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Arctic sea ice

Researchers look out from the Finnish icebreaker MSV Nordica as the sun sets over sea ice in the Victoria Strait along the Northwest Passage in the Canadian Arctic Archipelago. The occasional extreme late-summer storm can be quite damaging to the ice.

Q: Do storms affect Arctic sea ice?

A: As we head into the second half of August, the days are noticeably shorter. That change is even more dramatic in the polar regions where the summer ice melt season is nearing its end.

This year’s melt has been particularly dramatic, with the Arctic sea-ice extent likely heading to its lowest level since satellite measurements began in 1979. The previous low extent record was set in 2012.

The sea ice is subject to a number of different processes that can force its melting in summer. A good deal of those processes are tied to the progression of late-summer storms over the ice.

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Though most such storms are too weak to do excessive damage to the ice, the occasional extreme late-summer storm can be quite damaging for two reasons. First, the extreme storms have very strong winds associated with them, and those winds can break up the ice edge through the action of large waves. The resulting small rafts of ice easily melt away in the surrounding water.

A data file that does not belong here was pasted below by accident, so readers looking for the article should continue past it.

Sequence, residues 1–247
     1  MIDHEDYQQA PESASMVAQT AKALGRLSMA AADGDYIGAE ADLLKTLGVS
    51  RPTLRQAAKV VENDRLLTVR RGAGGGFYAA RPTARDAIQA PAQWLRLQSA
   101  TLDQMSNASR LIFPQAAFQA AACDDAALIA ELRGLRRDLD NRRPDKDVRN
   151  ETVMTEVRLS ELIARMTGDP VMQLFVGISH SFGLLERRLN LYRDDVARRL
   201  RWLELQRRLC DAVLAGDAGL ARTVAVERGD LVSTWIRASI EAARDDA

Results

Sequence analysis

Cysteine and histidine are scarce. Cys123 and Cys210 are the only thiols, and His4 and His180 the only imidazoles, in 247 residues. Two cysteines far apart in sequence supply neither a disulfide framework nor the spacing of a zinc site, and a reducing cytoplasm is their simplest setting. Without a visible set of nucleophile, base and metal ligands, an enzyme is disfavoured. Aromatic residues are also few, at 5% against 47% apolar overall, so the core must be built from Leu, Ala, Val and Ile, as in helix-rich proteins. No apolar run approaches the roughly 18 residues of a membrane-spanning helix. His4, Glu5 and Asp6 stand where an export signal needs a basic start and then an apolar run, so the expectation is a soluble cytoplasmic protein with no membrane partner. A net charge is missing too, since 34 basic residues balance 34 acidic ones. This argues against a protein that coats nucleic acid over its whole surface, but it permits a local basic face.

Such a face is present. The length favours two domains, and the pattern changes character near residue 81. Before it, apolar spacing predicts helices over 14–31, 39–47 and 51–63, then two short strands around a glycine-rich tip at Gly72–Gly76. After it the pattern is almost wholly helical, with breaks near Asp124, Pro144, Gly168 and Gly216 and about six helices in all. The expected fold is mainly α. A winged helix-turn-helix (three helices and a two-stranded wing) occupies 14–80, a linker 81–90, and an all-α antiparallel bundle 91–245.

Second, the storms have extensive cloud canopies associated with them. The composition of these clouds — whether they are mostly liquid water droplets or ice crystals — has a large impact on the amount of radiation they emit toward the ice. Liquid water clouds emit more radiation toward the ice than ice crystal clouds and therefore contribute to more melting.

Whether a cloud canopy is mostly liquid water or ice crystals may be directly related to the way in which the storm itself is generated.

At the University of Wisconsin-Madison researchers are getting involved in a project that seeks to take measurements in the Arctic in the summer of 2021 to learn more about these interesting and impactful storms.

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"Weather Guys" Steve Ackerman and Jonathan Martin are professors in the University of Wisconsin-Madison department of atmospheric and oceanic sciences.

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